CRM Vendors Target the Public Sector

Pat House, co-founder of CRM (customer relationship management) market leader Siebel Systems, caught some by surprise in May 2000 when he announced at a US press conference that the largest vertical for the vendor over the next few years was expected to be public sector.

Public sector bodies have long been some of the worst performers in their relationships with their customers. Are they ready to look to relationship-hungry and cash-rich sectors like telecoms and financial services for answers? Bill Gates, for one, appears to think so, and the Microsoft chairman hosted a conference in Seattle in early April to try to stimulate some thoughts and sell some boxes.

But while what the UK likes to refer to as joined-up government is clearly focused on improving communications between public servants and those they serve, some are looking further into the need to better manage their relationships.

There is still a need for education. A recent survey of 104 Members of Parliament by the World Internet Forum, conducted by Mori, found that less than half thought having all government services online would be popular with the electorate. The founder of the World Internet Forum, Derek Wyatt, Member of Parliament, commenting on the findings, said "governments are lagging behind industry in their understanding and adoption of the Internet. They need to work together to develop citizen-centric technologies."

Joined-up government itself requires an element of CRM. Seamless progression through the great government bureaucracy closely parallels the database integration which lies at the heart of many CRM projects in the private sector, but on a much greater scale. It is in a context of understanding the customer that Siebel and others are starting to talk about citizen relationship management.

"Citizen-centric government is clearly something that is coming to the fore in the public sector," says Phil Robinson, vice-president of marketing at Siebel. "In Europe and the US, there's a change in the way public sector organisations are being perceived and they need to demonstrate value."

City Council CRM
Siebel set up a special unit with its own direct salesforce to target the public sector. It also partners with ICL and other integrators, where one of its early wins was at Leeds City Council, hailed as a standard of customer care.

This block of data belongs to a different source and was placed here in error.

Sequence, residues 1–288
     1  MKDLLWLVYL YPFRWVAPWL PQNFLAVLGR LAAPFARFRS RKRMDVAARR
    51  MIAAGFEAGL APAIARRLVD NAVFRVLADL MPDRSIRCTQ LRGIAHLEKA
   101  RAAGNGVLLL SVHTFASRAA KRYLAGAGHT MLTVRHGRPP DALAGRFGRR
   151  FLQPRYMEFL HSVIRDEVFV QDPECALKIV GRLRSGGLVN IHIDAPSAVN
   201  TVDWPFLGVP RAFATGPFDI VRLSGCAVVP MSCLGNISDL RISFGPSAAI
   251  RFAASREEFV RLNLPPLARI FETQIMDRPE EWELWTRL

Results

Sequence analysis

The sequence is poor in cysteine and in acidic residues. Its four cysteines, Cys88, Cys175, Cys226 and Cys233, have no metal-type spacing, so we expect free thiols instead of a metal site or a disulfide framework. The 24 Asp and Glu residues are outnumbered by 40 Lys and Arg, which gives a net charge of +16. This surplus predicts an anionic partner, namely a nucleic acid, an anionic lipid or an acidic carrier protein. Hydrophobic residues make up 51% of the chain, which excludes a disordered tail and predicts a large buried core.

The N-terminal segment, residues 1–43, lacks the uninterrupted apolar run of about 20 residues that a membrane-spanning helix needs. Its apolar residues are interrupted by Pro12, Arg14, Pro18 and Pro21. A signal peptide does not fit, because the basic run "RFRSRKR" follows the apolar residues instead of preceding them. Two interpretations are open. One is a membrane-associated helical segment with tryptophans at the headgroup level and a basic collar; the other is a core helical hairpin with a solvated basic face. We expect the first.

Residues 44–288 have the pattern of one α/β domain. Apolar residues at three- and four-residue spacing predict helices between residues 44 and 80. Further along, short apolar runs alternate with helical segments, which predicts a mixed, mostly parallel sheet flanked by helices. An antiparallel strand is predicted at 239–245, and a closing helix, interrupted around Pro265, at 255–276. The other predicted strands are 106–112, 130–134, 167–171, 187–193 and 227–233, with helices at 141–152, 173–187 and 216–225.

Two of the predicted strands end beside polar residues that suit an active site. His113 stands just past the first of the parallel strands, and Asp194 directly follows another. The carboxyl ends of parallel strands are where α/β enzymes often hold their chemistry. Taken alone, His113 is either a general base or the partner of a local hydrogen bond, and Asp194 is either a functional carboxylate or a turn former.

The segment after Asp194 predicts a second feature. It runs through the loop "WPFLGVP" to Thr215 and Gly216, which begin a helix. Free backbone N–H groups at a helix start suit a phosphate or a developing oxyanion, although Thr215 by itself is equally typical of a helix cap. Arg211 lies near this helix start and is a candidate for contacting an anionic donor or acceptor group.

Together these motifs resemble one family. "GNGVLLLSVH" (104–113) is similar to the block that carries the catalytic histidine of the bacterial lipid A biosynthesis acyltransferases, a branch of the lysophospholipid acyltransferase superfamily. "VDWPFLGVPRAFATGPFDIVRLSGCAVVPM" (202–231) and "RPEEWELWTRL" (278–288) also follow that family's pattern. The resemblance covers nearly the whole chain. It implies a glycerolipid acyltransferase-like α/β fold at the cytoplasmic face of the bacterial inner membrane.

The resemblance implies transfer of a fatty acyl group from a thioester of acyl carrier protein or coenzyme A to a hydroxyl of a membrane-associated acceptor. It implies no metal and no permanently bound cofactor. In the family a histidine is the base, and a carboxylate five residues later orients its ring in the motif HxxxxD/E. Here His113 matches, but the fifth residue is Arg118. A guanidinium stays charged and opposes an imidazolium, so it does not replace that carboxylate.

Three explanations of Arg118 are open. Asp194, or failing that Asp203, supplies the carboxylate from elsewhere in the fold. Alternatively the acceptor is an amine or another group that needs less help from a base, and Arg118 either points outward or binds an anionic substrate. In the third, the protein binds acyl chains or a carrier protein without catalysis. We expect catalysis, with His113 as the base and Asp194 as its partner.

Leeds began an extensive customer care programme in 1996, which initially focused on delivery of customer services. Only recently has the project been extended to CRM. Initially, Leeds set up a one-stop centre in the city's Great George st., where citizens could go for a number of problems instead of being shunted around between different departments. The Council then set up an intranet, aiming to make back-office data more easily accessible and enable better management planning.

ICL has now set up a three-year plan for Leeds, and one of the first elements of this was the establishment of a 50-strong call centre in March 2000, to take some of the load off the one-stop centres. The system will cascade information down to existing systems, so staff only have to enter data once.

The call centre is piloting Siebel, and Andy Taylor, director of community planning and regeneration at Leeds, clearly has high hopes for the system: "The CRM system will help us to produce an evolving community plan for each area of the city," he states.

The ICL spokesman insists that few changes will have to be made to the packaged CRM system, even though it was originally designed for profit-minded businesses. "It's a different set on information in the core system, but they are both trying to manage the relationship."

Selling to the public sector also carries unique challenges, since their procurement practices are so tightly monitored. Robinson says that this can work to your advantage. "At least in dealing with the government the rules are written down. In the private sector you might only discover them after the deal has gone elsewhere."

At a certain level, public sector bodies have two sets of customers--they must also sell themselves to the other departments that fund them. Certainly, at this level, service is better regulated and controlled. Siebel customer DERA, for example, the Government's Defence and Research Agency, carries out research for a number of government organisations, and has a very strict handle on what it is doing for each.

At the citizen level, there is still a great deal of room for improvement. But the moves of early adopters are starting to make an impact.

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